The fatigue is real! (Part 1)

Just four months now until we leave for the US of A and the rubber has well and truly hit the road, as they say.

After last Saturday’s outing, the K1600 is out of action for a while which means one of the (many) other bikes is filling in. After a short 15,000km lap around the paddock that is Oz chaperoning Dan Simmonds, the 1200GSA was warmed up and conveniently located to take us to the Superbikes at Phillip Island this weekend.

I should state first up that (once again) we didn’t have the ideal lead in to the weekend. I won’t go into all the details because some stories are just too long to tell. The condensed version is that we managed to combine very busy work weeks and family dramas into the four days between getting back from Dartmouth and leaving for Phillip Island. There were tears (on my side) and a night of minimal sleep (for both of us), but I guess it’s all good preparation. I can say that I’m wishing and hoping that we have a good lead-in to Butt Lite, but I will also say that knowing we can get on the bike and ride even if the days prior have been shite is kind of reassuring.

Anyway, the plan for the weekend had been to leave from Canberra on Thursday around lunchtime, have a stop part way there and then finish the trip to Phillip Island on Friday, have Saturday and Sunday at the track watching the races and then do the ride back in one day on Monday. Basically, that’s what we did last year, though last year I was riding my Honda 800 CrossRunner rather than pillioning, and it all went very smoothly. This year the plan didn’t quite come off. Kiwi’s work required him to be in Sydney on Thursday morning for meetings, and I ended up changing my work plans so I could also be in Sydney for us to leave on Thursday afternoon. We also had to be back mid-afternoon on Monday to get the K1600 to the dealer for the wheel rim replacement. So that meant our riding time was somewhat condensed.

Leg 1 – Sydney to Albury

After a few days of drama and no little stress, we managed to get the bike loaded and be on the road by roughly 2pm on Thursday. Leaving Sydney at that time usually isn’t too bad, but Thursday it was shocking. The major motorways were piled up and even taking the long route so we didn’t get stuck in the exhaust fume soup that is the M5 tunnel when it isn’t moving (5km long and no air flow) it still took us a good hour and a bit to leave Sydney behind us. And the intercom wasn’t working. I could hear Kiwi but he couldn’t hear me. And Kiwi’s visor was smeary. Nothing was right with the world.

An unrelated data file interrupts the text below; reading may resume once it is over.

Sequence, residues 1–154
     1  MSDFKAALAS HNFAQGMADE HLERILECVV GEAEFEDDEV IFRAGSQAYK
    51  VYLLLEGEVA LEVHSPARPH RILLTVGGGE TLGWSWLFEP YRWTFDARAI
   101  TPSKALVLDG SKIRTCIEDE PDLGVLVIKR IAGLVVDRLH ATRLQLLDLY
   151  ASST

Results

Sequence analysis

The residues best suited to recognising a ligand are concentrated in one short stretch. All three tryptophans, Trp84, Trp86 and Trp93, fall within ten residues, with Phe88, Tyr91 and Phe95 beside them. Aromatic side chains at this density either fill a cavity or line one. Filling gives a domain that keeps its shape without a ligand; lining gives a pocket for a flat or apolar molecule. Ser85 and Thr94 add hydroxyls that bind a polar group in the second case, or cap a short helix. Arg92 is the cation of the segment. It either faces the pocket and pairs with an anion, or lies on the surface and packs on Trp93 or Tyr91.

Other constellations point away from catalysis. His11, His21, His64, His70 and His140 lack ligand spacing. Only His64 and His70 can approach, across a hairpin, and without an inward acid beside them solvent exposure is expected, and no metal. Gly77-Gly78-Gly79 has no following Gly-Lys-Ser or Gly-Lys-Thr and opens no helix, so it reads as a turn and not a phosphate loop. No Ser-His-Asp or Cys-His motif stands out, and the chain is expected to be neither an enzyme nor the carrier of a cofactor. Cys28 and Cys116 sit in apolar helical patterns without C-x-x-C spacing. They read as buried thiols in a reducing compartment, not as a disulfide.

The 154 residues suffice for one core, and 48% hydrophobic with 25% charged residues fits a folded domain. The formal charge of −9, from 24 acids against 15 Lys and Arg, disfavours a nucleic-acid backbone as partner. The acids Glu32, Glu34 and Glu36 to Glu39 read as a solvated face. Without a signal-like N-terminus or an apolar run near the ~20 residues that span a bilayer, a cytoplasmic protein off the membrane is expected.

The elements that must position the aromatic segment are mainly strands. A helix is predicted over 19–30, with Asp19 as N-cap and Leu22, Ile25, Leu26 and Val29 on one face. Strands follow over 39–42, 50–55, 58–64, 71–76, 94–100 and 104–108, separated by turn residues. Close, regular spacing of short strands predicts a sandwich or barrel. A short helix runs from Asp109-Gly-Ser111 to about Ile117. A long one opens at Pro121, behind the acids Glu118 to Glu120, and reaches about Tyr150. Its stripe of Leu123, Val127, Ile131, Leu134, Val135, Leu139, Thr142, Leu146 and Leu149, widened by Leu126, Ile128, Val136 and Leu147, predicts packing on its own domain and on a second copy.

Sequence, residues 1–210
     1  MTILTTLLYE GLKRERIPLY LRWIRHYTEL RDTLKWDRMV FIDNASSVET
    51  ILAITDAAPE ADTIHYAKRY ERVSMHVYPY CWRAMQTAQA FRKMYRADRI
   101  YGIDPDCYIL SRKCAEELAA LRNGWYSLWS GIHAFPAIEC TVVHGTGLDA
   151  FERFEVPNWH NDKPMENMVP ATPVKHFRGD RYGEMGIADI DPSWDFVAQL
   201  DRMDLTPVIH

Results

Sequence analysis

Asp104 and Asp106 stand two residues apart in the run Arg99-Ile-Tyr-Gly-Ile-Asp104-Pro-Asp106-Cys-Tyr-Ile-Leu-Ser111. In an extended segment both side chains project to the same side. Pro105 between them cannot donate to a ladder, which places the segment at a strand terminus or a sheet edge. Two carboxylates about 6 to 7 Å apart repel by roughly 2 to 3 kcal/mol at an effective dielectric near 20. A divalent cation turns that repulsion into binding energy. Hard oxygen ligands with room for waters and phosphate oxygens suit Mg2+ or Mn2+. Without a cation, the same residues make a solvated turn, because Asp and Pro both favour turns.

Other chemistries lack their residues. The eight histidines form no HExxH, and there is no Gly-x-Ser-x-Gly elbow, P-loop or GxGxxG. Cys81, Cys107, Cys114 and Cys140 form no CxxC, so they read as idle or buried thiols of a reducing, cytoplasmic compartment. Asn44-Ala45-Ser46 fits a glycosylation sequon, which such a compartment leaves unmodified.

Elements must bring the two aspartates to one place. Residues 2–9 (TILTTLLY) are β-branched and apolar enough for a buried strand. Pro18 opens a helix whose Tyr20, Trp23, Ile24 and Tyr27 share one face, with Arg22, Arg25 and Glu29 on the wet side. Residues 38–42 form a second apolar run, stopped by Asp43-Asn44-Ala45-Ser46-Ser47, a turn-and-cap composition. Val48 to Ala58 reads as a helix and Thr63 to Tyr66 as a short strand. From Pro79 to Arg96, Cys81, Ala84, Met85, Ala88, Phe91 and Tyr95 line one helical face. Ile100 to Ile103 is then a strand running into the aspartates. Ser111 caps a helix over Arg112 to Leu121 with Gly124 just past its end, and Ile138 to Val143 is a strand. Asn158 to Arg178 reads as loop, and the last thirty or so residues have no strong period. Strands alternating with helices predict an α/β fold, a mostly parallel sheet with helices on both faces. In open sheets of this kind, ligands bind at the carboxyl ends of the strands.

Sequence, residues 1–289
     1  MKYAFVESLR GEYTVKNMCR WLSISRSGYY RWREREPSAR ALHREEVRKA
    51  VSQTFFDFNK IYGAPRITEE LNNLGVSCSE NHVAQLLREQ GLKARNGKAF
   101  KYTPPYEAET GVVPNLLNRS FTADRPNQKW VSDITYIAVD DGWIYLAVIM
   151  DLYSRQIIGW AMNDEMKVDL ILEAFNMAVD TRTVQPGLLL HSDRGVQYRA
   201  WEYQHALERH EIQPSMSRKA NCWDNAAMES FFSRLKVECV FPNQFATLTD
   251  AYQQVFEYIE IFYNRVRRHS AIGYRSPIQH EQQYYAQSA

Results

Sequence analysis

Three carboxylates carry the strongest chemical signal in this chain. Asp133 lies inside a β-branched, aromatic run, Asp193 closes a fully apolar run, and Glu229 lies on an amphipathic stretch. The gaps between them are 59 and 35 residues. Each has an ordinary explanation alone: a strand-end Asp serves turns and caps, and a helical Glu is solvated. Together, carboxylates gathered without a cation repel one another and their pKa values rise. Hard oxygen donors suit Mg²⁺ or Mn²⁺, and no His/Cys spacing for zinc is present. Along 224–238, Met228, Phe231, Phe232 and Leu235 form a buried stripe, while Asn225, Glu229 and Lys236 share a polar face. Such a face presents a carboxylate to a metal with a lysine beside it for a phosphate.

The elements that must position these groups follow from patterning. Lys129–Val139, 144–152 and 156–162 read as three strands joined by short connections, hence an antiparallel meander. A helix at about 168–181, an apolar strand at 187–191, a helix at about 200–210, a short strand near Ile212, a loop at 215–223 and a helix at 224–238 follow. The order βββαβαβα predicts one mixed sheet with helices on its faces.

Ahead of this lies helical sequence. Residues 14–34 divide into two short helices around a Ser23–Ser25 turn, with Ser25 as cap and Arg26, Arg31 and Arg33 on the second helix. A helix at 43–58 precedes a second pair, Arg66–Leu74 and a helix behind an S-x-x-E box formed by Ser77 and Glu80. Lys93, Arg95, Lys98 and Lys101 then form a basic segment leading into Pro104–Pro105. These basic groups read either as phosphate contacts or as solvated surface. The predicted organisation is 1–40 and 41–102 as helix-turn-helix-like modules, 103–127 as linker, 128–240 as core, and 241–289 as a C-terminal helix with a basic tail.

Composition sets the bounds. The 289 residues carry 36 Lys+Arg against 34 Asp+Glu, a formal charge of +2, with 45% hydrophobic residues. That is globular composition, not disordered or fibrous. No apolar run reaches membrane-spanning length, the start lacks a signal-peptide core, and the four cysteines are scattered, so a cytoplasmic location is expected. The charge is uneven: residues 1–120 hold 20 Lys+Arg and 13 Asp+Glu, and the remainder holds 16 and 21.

We made it to Sutton Forest and stopped to regroup and grab a snack. I found the loose connection for my microphone and plugged it back in, cleaned Kiwi’s visor, we had some chocolate milk, a muesli bar and some jelly snakes and things were starting to look better. Things from here improved. The next stop was South Gundagai for fuel and another snack (for me this involved finishing my lunch!) and then we had to make a call about whether we were going to try for Bright in the Victorian Alps that night or pull stumps a bit earlier at Albury. The difference was only an hour and a half, but it was an hour and a half at the end of a 4.5 hour day to make it 6 hours, or at the beginning of a 6.5 hour day to make it 8 hours… It was also the difference between arriving somewhere we weren’t sure we could get a meal after an hour riding in the dark in prime roo country, or staying somewhere we could get a certain meal and an early night. We chose the latter, and were both glad we did in the end.

A shower was the first order of business for both of us, and getting out of motorcycling gear and into shorts, t-shirts and thongs made the world of difference. We lucked out with our first choice for dinner (we ordered drinks and then realised they were doing jukebox karaoke or something equally dreadful) before settling on a quiet Thai meal and crashing into bed.

Leg 2 – Albury to Phillip Island

Stopping at Albury meant we had a big day ahead on Friday so I promised I would be up and ready to go by 6.15 so we could get to Bright when our breakfast venue of choice, Ginger Baker, opened at 8. As promised, I hauled ass out of bed and into riding gear, brushed my teeth and packed my bag in the space of about 20 minutes. I do a very good zombie imitation when I need to. Thankfully since I’m not the rider, I don’t need to have firing synapses when I get on the bike, and Kiwi more than made up for it getting us out of Albury and to Bright ahead of schedule and without any wildlife encounters to speak of. The sunrise was very pretty though!